Islanders co-owner Jon Ledecky said Monday that the team has made progress in improving the atmosphere and amenities at Barclays Center, which drew mixed reviews from fans and players during the team’s first season in Brooklyn.
“It’s going to be our home for years to come,” Ledecky said in an informal meeting with reporters after a memorial ceremony for Hall of Fame coach Al Arbour, who died a year ago Sunday.
Ledecky, however, declined to say if that meant many years or just a few, when a potential opt-out could be activated.
“The last time I looked I’m not the predictor of the future,” Ledecky said. “Right now, I’m focused on one thing and that’s getting the fifth ring for our fan base. That’s the most important thing.”
Ledecky’s comments came a little more than a month after Newsday reported the Islanders have talked with the New York Mets about building a hockey arena alongside Citi Field in Queens and have spoken with New York State officials about moving the team to a new building that would be constructed near Belmont Park in Nassau County.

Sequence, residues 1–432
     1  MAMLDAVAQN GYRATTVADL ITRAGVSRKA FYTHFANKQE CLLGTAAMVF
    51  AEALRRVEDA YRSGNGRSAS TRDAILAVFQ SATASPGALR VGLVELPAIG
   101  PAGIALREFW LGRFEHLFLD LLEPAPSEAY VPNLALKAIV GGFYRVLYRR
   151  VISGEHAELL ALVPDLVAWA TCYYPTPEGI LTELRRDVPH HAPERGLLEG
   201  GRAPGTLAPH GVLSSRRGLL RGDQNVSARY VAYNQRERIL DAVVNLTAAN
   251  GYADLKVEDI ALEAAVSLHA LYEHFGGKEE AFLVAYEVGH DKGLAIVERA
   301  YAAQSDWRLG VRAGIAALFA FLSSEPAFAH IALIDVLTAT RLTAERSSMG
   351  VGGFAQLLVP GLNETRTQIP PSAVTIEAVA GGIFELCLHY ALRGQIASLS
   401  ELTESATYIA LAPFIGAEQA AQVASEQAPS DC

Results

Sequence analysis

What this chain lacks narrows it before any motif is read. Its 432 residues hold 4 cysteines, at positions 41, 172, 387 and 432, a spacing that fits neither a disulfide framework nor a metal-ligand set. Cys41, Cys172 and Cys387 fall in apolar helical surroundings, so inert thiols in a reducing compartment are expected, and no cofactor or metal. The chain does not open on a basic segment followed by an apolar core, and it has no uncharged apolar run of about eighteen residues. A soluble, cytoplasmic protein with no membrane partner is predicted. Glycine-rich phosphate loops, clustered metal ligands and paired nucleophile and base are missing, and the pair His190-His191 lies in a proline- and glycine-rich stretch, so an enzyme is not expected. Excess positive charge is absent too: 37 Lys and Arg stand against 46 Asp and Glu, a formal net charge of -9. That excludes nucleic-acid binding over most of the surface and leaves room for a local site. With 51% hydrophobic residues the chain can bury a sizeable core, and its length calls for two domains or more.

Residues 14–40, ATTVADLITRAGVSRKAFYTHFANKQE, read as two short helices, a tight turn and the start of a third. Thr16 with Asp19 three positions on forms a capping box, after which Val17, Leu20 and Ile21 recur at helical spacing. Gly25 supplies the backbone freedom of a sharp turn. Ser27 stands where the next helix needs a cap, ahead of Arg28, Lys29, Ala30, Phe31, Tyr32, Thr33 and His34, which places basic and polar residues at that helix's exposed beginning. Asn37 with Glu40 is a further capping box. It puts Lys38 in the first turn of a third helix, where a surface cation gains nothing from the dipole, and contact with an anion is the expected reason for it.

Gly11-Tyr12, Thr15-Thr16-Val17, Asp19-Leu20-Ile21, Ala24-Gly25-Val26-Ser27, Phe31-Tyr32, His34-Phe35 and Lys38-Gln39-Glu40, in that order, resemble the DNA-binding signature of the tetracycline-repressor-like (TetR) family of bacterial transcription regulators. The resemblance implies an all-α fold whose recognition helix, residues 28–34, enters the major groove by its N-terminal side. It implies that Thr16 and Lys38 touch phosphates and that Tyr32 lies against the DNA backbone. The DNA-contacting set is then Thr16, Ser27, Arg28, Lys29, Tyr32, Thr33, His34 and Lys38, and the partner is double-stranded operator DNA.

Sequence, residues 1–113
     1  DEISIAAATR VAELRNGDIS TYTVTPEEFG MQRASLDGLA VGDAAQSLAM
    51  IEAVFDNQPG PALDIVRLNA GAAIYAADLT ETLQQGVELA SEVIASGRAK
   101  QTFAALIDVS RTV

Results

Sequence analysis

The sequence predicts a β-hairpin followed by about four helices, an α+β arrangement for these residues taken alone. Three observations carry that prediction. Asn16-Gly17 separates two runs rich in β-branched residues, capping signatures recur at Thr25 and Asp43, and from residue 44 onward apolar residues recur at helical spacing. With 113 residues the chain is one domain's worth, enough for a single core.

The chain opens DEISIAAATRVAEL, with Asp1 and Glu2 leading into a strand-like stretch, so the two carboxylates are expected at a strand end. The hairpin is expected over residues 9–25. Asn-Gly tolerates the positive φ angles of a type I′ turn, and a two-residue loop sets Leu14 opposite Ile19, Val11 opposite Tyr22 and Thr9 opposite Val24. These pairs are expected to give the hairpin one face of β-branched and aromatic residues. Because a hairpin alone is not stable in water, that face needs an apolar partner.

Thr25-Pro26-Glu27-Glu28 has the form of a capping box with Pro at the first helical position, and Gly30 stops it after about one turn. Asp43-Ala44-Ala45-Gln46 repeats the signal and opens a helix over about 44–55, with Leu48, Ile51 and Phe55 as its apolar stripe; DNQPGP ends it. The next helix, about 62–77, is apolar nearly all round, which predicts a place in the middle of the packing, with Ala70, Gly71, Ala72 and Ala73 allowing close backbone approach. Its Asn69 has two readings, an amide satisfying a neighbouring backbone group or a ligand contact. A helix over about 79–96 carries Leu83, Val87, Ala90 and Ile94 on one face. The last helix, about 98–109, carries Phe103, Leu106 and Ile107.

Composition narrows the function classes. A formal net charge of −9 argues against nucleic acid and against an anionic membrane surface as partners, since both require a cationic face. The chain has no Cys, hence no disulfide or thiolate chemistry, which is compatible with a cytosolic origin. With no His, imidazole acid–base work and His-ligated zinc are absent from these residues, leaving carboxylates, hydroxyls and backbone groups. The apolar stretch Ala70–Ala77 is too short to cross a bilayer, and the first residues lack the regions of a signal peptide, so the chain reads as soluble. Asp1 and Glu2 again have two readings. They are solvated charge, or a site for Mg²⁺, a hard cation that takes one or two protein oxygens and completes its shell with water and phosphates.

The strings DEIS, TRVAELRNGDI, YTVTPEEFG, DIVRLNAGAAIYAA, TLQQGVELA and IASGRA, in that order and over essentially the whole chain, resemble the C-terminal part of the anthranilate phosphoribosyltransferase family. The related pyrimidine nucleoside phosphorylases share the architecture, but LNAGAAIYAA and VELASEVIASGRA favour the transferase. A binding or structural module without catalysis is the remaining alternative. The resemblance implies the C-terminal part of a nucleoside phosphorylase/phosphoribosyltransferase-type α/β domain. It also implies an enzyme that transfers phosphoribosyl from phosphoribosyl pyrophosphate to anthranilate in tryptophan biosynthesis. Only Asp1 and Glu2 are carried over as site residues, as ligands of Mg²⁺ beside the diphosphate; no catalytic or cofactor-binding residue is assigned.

Multiple sources have said the Islanders and Barclays Center have opt-out clauses in their licensing agreement (in which the arena management controls the team’s ticket and marketing operations). If the clauses are exercised by either side, the Islanders could leave after their fourth year in Brooklyn.
In addition to fans voicing their concerns about Barclays Center, players also had concerns about the quality of the ice.
“We learned a lot of great lessons about Barclays in the first year,” said Ledecky, who, along with partner Scott Malkin, took over majority ownership from Charles Wang on July 1.
“We’ve made a lot of progress in the offseason with Brooklyn, in terms of ice quality, in terms of the facility itself, in terms of making sure that the players and their families are welcomed and hosted in the right way,” he said.
Other improvements include upgraded transportation for the players, who live and practice on Long Island. Ledecky also announced an alumni weekend and other efforts to connect with Islanders players who won four Stanley Cups in the 1980s.